Frederick Douglass and William Lloyd Garrison

Richard S. Ruderman, University of North Texas
February 8, 2003

In this seminar, we will discuss the careers of America’s two greatest abolitionists, William Lloyd Garrison and Frederick Douglass. Through an analysis of their tactics, strategy and, especially, their political rhetoric, we will try to understand their divergent views of moral and political statesmanship. In particular, we will examine their contrasting understandings of human nature, American constitutionalism, and their resulting different hopes for democratic politics.

Richard S. Ruderman is Associate Professor of Political Science at the University of North Texas. He specializes in political philosophy and American Political Thought. Dr. Ruderman’s essays on Aristotle, statesmanship, Homer, and liberal education have appeared in the American Political Science Review, the American Journal of Political Science, and elsewhere. His studies of William Lloyd Garrison and Frederick Douglass will appear in History of American Political Thought and “Phronesis”: Studies in the Nature and Scope of Prudential Leadership. He is currently working on a book on Statesmanship in Liberal Democracies. Dr. Ruderman received his Ph.D. in 1990 from the Committee on Social Thought at the University of Chicago.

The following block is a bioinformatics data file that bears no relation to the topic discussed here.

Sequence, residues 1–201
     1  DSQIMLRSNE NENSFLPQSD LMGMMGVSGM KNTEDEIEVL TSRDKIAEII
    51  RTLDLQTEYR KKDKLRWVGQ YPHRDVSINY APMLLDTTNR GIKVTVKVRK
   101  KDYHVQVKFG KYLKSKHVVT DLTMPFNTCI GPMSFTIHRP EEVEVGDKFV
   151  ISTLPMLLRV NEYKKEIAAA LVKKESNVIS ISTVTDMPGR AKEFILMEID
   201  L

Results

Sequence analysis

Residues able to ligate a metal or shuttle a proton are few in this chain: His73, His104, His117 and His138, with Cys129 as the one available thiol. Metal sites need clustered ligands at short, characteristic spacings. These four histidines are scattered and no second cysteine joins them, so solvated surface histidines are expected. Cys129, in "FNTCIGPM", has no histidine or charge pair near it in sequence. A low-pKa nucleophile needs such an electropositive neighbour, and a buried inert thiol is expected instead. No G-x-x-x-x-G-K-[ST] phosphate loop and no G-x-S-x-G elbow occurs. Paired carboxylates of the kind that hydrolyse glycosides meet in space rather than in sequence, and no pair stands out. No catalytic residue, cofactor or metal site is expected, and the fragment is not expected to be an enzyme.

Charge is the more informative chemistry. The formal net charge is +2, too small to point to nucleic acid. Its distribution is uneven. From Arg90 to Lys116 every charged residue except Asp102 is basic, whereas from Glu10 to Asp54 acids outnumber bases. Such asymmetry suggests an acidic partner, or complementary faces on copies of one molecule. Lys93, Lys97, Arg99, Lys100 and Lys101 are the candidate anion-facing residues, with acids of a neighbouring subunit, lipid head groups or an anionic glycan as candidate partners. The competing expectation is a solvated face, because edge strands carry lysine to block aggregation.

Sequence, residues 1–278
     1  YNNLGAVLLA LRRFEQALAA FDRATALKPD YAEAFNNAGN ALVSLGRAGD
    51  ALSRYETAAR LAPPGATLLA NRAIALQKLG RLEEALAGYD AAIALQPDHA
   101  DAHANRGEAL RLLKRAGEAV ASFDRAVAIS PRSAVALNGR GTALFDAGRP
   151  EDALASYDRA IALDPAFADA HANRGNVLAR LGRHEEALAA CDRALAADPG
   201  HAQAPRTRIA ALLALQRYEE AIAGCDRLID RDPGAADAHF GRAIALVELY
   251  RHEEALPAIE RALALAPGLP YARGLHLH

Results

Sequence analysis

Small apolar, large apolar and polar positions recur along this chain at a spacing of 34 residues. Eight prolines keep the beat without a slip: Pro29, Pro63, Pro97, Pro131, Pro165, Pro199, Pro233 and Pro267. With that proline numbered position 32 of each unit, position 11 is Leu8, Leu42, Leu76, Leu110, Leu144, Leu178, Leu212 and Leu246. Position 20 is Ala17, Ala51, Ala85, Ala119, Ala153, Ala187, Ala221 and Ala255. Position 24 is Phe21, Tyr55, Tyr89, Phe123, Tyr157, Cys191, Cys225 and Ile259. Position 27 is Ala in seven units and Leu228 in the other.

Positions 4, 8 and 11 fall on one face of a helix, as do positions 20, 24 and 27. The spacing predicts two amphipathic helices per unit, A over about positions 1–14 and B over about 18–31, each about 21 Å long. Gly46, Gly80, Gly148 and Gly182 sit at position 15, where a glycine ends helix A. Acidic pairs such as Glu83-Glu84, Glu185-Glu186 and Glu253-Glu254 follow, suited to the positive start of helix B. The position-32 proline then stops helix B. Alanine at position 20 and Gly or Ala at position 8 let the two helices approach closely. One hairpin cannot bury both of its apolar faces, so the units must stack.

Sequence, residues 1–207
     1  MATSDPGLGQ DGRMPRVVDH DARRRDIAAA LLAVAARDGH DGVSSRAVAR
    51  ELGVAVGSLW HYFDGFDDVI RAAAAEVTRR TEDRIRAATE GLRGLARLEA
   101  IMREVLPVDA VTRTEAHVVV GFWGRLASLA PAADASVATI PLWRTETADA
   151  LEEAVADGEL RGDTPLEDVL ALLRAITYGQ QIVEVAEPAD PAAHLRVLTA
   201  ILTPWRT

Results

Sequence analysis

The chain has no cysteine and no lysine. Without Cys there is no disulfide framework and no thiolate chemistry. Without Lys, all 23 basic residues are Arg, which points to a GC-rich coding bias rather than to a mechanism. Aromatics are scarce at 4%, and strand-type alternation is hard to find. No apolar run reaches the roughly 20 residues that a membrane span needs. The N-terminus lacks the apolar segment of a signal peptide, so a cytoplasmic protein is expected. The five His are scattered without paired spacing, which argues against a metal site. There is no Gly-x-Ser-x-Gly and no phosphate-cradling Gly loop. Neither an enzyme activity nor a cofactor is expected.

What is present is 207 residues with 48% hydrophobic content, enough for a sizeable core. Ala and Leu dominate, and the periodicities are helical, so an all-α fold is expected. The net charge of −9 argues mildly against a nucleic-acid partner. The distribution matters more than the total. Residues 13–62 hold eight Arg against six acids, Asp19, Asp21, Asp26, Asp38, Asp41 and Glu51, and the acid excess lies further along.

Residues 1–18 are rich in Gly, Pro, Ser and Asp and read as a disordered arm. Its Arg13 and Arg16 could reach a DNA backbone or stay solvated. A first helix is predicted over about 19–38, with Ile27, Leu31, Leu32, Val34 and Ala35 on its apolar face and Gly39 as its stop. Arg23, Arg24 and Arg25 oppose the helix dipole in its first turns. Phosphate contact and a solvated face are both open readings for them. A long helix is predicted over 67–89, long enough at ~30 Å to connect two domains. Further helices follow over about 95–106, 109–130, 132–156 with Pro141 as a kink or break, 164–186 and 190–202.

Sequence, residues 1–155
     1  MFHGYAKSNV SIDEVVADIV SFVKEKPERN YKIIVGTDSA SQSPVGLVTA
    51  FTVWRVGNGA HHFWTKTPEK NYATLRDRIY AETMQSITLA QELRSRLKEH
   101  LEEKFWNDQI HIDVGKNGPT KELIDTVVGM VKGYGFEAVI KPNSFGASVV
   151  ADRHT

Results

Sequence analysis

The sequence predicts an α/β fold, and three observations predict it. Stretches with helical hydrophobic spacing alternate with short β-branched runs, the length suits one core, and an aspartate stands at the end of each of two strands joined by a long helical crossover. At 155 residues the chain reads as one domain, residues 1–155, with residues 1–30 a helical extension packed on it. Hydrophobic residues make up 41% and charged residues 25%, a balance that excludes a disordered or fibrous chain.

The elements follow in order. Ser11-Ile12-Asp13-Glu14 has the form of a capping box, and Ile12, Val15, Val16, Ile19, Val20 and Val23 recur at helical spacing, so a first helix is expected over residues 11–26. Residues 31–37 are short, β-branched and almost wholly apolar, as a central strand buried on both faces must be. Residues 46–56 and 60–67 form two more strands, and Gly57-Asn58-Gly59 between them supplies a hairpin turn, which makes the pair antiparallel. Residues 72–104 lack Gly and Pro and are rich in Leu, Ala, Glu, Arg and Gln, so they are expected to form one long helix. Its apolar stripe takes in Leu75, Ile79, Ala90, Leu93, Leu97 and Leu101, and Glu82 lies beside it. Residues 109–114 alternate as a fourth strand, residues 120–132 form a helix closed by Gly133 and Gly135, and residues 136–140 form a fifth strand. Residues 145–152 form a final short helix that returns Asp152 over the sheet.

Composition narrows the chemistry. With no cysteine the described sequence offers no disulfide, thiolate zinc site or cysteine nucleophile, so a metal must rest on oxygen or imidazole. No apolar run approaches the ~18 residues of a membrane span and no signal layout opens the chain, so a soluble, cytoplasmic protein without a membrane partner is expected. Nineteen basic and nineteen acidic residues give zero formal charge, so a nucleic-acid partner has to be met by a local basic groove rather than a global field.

Session One

Reading:

  • From William Lloyd Garrison, William E. Cain, ed., William Lloyd Garrison and the Fight Against Slavery: Selections from The Liberator (Boston: Bedford Books, 1995)
    • pp. 20-52 (from the Editor’s Introduction): general background
    • pp. 61-70, “Address to the American Colonization Society,” July 4, 1829
    • pp. 70-72, “To the Public,” January 1, 1831
    • pp. 74-76, “Truisms,” January 8, 1831
    • pp. 87-89, “On the Constitution and the Union,” December 29, 1832
    • pp. 101-105, “Declaration of Sentiments Adopted by the Peace Convention,” September 28, 1838
    • pp. 112-115, “The American Union,” January 10, 1845
    • pp. 141-144, “Disunion,” June 15, 1855
    • pp. 148-150, “Dred Scott and Disunion,” March 12, 1858
    • pp. 156-159, “John Brown and the Principle of Nonresistance,” Dec. 16, 1859
    • pp. 164-167, “The War—Its Cause and Cure,” May 3, 1861
    • pp. 171-172, “Defense of Lincoln,” May 20, 1864.

Session Two

Reading:

  • From Frederick Douglass, Philip S. Foner, ed., Frederick Douglass: Selected Speeches and Writings (Chicago: Lawrence Hill Books, 1999)
  • From Frederick Douglass, Narrative of the Life of Frederick Douglass (Mineola, NY: Dover Publications, 1995)
    • pp. 1-69

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